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Tesla takes some criticism for deaths in Autopilot crashes, NTSB says

The National Transportation Safety Board (NTSB) has released its final reports on two fatal crashes involving Tesla vehicles on Autopilot.

Tesla takes some criticism from NTSB for the deaths in those two Autopilot crashes, but ultimately, the agency determined that the main causes are unrelated to Tesla.

The first case was about the fatal Model X crash in Mountain View, California, in 2018.

The NTSB released its findings for the case last month.

Now they have added the findings of a fatal crash in 2019 when a Model 3 on Autopilot crashed into a semi truck’s trailer as it was crossing the highway to their report on Tesla Autopilot.

The NTSB managed to get a detailed look at the incident using all of Tesla’s telemetric data and even a video of the movements before the crash, thanks to Tesla’s integrated dashcam feature:

For this accident, the NTSB determined that the truck driver was at fault, but it also said that Tesla’s Autopilot was a “contributing factor”:

The NTSB determined the probable cause of the fatal crash to be the truck driver’s failure to yield the right of way to the car, combined with the car driver’s inattention due to over-reliance on automation, which resulted in the car driver’s failure to react to the presence of the truck. Contributing to the crash was the operational design of Tesla’s partial automation system, which permitted disengagement by the driver, and the company’s failure to limit the use of the system to the conditions for which it was designed. The failure of the National Highway Traffic Safety Administration to develop a method of verifying manufacturers’ incorporation of acceptable system safeguards for vehicles with Level 2 automation further contributed to the crash.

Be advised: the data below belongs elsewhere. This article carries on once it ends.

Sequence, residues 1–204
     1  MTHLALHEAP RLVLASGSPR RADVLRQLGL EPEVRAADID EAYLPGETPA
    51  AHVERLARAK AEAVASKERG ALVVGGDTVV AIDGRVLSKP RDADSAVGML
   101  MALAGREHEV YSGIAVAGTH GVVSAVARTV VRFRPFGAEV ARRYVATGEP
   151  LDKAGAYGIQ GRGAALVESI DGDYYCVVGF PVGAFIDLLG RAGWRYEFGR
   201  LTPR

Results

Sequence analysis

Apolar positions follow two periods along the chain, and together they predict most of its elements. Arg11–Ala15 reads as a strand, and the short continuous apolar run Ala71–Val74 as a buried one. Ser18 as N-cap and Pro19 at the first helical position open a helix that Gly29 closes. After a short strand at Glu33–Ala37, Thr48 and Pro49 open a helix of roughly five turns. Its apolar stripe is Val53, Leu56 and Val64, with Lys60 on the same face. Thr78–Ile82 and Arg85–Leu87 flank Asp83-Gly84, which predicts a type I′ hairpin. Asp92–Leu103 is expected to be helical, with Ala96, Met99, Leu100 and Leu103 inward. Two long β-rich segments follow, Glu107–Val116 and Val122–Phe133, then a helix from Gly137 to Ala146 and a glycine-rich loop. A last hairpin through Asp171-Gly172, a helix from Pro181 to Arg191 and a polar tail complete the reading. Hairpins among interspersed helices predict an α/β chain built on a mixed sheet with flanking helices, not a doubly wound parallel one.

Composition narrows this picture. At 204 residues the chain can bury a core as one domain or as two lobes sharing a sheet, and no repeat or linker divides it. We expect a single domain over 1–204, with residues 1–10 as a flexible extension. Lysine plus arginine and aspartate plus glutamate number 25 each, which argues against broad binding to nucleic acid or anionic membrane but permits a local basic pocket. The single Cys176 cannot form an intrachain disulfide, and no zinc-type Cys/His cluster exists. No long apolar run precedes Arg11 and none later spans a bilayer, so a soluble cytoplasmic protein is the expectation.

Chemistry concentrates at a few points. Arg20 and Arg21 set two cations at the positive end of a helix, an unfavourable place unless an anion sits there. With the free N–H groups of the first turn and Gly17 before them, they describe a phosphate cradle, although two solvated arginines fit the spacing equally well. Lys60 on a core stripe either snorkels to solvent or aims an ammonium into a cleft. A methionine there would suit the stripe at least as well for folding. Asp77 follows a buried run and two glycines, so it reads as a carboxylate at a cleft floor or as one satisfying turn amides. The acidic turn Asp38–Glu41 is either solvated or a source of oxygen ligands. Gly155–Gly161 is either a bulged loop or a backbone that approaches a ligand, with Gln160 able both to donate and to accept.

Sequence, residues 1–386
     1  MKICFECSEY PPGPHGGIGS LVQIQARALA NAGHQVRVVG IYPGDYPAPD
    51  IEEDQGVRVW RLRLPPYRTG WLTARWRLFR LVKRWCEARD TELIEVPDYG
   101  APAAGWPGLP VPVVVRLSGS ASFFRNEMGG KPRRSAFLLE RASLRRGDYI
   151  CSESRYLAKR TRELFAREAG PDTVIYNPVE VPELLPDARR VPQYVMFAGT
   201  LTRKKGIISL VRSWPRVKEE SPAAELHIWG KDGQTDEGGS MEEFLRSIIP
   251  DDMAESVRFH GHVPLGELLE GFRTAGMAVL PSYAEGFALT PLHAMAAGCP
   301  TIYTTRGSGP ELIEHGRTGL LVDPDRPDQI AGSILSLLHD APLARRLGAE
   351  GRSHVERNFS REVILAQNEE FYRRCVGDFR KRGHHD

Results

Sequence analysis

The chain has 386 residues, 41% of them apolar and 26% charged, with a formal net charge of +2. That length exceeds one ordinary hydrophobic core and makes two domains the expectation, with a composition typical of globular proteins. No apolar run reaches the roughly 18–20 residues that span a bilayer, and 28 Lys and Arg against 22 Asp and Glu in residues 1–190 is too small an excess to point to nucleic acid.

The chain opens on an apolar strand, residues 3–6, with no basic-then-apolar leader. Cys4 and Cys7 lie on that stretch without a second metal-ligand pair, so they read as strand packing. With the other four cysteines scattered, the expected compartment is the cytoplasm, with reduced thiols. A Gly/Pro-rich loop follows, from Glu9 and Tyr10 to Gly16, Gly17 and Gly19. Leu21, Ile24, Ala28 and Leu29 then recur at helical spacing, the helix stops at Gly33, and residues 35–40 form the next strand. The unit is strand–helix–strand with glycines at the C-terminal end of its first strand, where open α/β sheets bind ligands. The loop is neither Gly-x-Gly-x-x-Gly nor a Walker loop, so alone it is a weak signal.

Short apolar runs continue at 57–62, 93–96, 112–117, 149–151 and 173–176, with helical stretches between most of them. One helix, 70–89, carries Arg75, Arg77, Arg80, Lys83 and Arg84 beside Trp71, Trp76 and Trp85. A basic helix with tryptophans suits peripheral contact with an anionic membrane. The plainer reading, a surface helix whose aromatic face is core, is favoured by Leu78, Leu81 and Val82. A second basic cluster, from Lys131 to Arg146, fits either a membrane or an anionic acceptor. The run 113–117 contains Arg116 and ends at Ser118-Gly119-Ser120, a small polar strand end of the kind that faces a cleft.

NTSB Chairman Robert Sumwalt commented on the investigation’s latest findings:

The Delray Beach investigation marks the third fatal vehicle crash we have investigated where a driver’s over-reliance on Tesla’s Autopilot and the operational design of Tesla’s Autopilot have led to tragic consequences. In the Mountain View crash, that over-reliance was coupled with the equally deadly menace of distraction, demonstrating the insidious nature of the threat and the lack of policy and technology to eliminate it.

Here’s the report in full:

[scribd id=452503590 key=key-e5igNfyMULfMqaxi6zLm mode=scroll]

Electrek’s Take

As I stated before, I disagree with the way the NTSB is framing those findings in some ways, but I do agree on the “over-reliance” on Autopilot by those drivers likely being a factor at play.

That’s why Tesla tells drivers to keep their hands on the steering wheel and be ready to take control at all times.

But that’s our responsibility as drivers to do so if we want to take advantage of the Autopilot.

Now I think that Tesla could also do more to enforce better driver engagement through better driver monitoring tools, like better steering wheel sensors and maybe even eye tracking with the driver-facing camera in the Model 3.

What do you think? Let us know in the comment section below.

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